Metro’s main transit-building budget – the Transit Infrastructure program – shrank in both of the agency’s two most recent budget cycles. For FY23-24, Metro approved reducing it 11 percent to $1.919 billion – the first time it dipped under two billion in the past three-plus years.
Transit construction funding does fluctuate a bit, as some projects close out and others get underway. And there are dozens of other not-quite-mega-sized transit expenditures (bus lanes, Inglewood people mover, etc.) not in this main category. Plus there are quite a few transit projects in the FY23-24 $291 million transit planning budget.
Maybe recent small transit construction declines are nothing to worry about. Or maybe, Metro is having trouble getting rail and Bus Rapid Transit (BRT) projects fully designed and funded and transitioned into the construction phase. Contrast this with Metro highway projects, some of which have been accelerated to start construction sooner than their voter-approved funding schedule.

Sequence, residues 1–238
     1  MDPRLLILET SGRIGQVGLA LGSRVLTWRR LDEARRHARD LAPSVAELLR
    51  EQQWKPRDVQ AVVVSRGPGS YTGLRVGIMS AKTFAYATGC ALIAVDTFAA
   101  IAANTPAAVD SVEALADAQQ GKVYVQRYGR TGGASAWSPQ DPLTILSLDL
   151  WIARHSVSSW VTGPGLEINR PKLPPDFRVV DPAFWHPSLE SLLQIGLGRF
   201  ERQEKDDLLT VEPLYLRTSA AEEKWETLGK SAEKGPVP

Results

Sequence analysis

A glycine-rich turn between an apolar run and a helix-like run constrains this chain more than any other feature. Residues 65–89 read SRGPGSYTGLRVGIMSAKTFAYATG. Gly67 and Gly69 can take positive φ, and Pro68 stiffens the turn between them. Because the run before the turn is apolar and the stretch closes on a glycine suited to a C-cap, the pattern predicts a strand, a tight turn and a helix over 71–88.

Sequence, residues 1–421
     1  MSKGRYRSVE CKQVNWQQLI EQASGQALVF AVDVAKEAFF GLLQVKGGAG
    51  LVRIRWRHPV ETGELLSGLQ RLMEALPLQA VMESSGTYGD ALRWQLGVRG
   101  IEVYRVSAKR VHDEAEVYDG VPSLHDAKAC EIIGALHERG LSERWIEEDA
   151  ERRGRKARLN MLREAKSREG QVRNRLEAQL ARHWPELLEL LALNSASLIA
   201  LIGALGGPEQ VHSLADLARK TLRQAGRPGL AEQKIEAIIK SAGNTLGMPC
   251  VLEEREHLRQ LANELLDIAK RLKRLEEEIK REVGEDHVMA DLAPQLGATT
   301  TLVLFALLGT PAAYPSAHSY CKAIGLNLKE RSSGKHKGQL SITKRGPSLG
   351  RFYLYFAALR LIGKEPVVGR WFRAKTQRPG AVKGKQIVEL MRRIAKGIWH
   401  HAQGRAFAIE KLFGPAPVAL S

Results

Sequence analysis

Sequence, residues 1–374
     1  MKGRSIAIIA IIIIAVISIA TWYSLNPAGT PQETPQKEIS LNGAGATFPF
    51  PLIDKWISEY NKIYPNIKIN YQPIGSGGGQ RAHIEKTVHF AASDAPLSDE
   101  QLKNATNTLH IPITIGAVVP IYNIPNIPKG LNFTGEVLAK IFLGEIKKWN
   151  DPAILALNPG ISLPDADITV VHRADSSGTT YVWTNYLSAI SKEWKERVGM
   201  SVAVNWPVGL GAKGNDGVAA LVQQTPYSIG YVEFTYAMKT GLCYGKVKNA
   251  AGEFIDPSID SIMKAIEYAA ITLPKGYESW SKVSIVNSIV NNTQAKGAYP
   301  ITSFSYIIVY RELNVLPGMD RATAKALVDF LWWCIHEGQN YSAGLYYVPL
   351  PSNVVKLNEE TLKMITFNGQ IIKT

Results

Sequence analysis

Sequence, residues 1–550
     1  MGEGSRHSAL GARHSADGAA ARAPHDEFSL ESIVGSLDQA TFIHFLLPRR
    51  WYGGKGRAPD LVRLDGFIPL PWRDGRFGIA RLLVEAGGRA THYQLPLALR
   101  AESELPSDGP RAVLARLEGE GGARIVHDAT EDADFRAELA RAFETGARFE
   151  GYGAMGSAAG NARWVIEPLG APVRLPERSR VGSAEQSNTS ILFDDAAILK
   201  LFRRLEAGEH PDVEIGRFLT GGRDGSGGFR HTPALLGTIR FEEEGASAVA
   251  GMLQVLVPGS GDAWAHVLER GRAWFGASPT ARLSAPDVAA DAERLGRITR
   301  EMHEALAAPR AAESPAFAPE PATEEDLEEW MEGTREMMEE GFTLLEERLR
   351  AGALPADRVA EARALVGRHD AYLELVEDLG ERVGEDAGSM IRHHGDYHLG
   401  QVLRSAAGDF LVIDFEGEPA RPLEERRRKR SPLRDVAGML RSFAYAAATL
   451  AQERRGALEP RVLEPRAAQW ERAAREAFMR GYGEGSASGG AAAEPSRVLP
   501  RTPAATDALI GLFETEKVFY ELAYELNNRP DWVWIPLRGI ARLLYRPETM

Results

6. Metro perpetuates a problematic transit policing status quo
There has been quite a bit of recent media attention on transit security issues that have worsened over the past year or so, though have arguably been overblown in fear-mongering coverage. With the new budget, the board has largely abandoned plans to shift resources to care-based unarmed responses.
Much of this part of the budget was already teed up over the past couple months. In March, the Metro board approved extending its costly problematic transit policing contract that has been in place leading up to and during the current spike in deaths/crimes. The board also voted to up the transit police presence by approving an additional $6+million to grow Metro’s own police force. Metro did get a well-received transit ambassador program underway (without any shifting of policing funds). The agency has also led with increased policing and other punitive measures in its MacArthur Park Station security blitz pilot.
County Supervisors Lindsey Horvath and Holly Mitchell have tried to hold the line on counterproductive policing (which eats up too much of the operations budget), but they will need more support from the rest of the board to facilitate Metro ever substantially reimagining public safety.